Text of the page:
Nunatsiaq Online
NEWS: Nunavik December 04, 2011 - 7:14 am

Air Inuit revamps logo

“We wanted to take an Inuit cultural aspect and make it reflect an airline”

SARAH ROGERS
Air Inuit’s new look – the image of three interwoven birds – has been painted on to the airline’s latest addition, this Boeing 737. The rest of the airline’s fleet will be repainted with the same design over the next three years. (COURTESY OF AIR INUIT)
Air Inuit’s new look – the image of three interwoven birds – has been painted on to the airline’s latest addition, this Boeing 737. The rest of the airline’s fleet will be repainted with the same design over the next three years. (COURTESY OF AIR INUIT)
Air Inuit’s new corporation logo uses clear, large text in English and Inuktitut, replacing the airline’s iconic red, orange and yellow stripes. (COURTESY OF AIR INUIT)
Air Inuit’s new corporation logo uses clear, large text in English and Inuktitut, replacing the airline’s iconic red, orange and yellow stripes. (COURTESY OF AIR INUIT)

It’s a bird, it’s a plane – well, actually, it’s both.

Air Inuit has a new look that will take to the skies in mid-December after the airline underwent a redesign earlier this year.

As part of the revamp, the Makivik Corp.-owned airline decided to swap its trademark red, orange and yellow stripes for a simple black and orange corporate logo, in both English and Inuktitut.

And its fleet will get a larger-than-life new look, too – a giant, orange bird, which wraps gracefully around the tail of the plane and creates the outline of two more white birds.

“We wanted to take an Inuit cultural aspect and make it reflect an airline,” said Andy Moorhouse, chairman of Air Inuit’s board of directors and Makivik’s corporate secretary.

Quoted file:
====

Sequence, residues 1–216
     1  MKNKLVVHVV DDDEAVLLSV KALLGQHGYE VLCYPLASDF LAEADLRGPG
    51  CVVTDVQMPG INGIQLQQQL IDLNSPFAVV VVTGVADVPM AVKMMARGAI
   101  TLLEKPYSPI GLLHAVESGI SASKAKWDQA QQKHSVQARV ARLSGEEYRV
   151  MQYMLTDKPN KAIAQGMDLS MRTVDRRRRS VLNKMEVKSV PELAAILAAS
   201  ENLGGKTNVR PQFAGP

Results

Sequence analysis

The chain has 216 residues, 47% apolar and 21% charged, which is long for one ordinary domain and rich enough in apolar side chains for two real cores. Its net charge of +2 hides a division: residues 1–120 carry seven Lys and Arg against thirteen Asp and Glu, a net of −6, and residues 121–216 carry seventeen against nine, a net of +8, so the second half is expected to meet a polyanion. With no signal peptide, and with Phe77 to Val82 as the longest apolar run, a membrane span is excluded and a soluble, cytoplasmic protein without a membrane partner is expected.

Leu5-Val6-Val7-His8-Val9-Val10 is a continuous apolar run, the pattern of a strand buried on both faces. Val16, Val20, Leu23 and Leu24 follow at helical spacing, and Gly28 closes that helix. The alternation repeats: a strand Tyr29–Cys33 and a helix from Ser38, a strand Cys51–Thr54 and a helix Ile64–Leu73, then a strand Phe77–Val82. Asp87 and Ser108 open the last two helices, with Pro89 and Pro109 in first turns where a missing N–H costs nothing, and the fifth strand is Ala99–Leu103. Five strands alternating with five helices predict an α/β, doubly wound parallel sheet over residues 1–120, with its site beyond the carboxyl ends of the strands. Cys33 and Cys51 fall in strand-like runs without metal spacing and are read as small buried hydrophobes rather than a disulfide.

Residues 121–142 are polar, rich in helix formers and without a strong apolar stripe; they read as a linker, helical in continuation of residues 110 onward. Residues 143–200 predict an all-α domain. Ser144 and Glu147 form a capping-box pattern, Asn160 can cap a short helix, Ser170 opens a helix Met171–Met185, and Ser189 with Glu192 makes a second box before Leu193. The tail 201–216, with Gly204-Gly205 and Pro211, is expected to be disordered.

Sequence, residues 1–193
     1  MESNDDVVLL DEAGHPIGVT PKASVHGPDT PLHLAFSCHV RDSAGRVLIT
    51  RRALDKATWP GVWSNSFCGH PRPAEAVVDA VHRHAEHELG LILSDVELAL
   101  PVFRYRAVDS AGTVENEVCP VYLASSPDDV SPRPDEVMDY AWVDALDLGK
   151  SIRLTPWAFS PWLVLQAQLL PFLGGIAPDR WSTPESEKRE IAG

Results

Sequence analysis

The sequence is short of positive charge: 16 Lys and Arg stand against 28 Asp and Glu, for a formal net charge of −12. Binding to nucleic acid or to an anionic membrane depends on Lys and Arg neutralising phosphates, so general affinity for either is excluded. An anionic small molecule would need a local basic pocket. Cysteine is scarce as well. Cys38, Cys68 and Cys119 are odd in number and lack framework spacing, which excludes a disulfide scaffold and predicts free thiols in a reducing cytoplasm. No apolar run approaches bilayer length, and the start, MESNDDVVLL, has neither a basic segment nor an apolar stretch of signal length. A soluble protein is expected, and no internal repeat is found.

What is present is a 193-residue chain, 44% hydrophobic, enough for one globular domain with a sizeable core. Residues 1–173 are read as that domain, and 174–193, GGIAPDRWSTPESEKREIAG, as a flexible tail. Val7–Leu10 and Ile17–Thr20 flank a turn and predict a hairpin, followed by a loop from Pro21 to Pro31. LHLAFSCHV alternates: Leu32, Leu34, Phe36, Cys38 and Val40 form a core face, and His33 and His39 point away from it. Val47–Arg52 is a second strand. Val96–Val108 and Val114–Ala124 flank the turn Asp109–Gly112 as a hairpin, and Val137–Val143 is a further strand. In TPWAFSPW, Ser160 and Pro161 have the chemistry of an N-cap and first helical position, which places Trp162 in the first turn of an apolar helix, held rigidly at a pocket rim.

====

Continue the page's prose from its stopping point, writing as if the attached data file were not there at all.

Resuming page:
“The design is really meant to bring the next generation of Air Inuit onto the next level, from turbo prop to jet.”

The bird design has been painted onto the airline’s newest fleet addition, a new Boeing 737.

The airline’s second B737 goes out for flights tests this week and is expected to begin service in mid-December, where it will fly the Montreal-La Grande-Puvirnituq route. 

The new jet is part of Air Inuit’s fleet upgrade that began last year. The airline has since purchased new Dash 8-300s for its regular scheduled service, while replacing its Hawker 748 models with the Dash 8-300 cargo planes.

The upgrade is in response to demands for more charters from exploration companies working in the region as well as a need to improve the airline’s efficiency, Moorhouse said.

Air Inuit’s new design will be painted onto the rest of the airline’s fleet over the next two to three years, as aircraft are serviced.

Moorhouse has heard positive comments from passengers about the airline’s new look, but he’s also heard from flyers who are sad to see the airline lose its distinctive red, orange and yellow look.

“Those stripes were iconic of Air Inuit for many years, a lot of people grew up with those colours,” Moorhouse said. “But they also see the need for the change with the company growing.

“It’s a positive change for the company that everyone will get used to over time.”

The iconic stripes seen on Air Inuit’s fleet weren’t always there, though; when the airline officially launched in 1978, it used a navy blue and yellow design of the northern lights.

The airline’s first aircraft was a DeHavilland Beaver, originally purchased in the early 1970s by the Northern Quebec Inuit Association to transport negotiators to Nunavik communities.

When they signed the James Bay and Northern Quebec Agreement in 1975, Makivik Corporation was born, which founded Air Inuit three years later with that first Beaver airplane.

Today, the airline counts more than 25 aircraft in its fleet and about 500 employees.

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